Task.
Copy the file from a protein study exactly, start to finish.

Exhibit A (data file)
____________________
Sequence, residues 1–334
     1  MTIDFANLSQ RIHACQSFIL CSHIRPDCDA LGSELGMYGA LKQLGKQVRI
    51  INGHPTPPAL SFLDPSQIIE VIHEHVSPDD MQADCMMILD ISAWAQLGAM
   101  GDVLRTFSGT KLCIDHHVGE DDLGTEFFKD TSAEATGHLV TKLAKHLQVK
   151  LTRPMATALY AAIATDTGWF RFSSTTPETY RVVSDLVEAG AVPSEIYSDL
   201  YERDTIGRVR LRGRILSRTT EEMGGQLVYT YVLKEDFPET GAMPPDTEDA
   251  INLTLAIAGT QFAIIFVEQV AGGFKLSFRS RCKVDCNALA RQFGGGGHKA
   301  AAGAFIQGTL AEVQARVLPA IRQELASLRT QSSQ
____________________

Sequence, residues 1–334
     1  MTIDFANLSQ RIHACQSFIL CSHIRPDCDA LGSELGMYGA LKQLGKQVRI
    51  INGHPTPPAL SFLDPSQIIE VIHEHVSPDD MQADCMMILD ISAWAQLGAM
   101  GDVLRTFSGT KLCIDHHVGE DDLGTEFFKD TSAEATGHLV TKLAKHLQVK
   151  LTRPMATALY AAIATDTGWF RFSSTTPETY RVVSDLVEAG AVPSEIYSDL
   201  YERDTIGRVR LRGRILSRTT EEMGGQLVYT YVLKEDFPET GAMPPDTEDA
   251  INLTLAIAGT QFAIIFVEQV AGGFKLSFRS RCKVDCNALA RQFGGGGHKA
   301  AAGAFIQGTL AEVQARVLPA IRQELASLRT QSSQ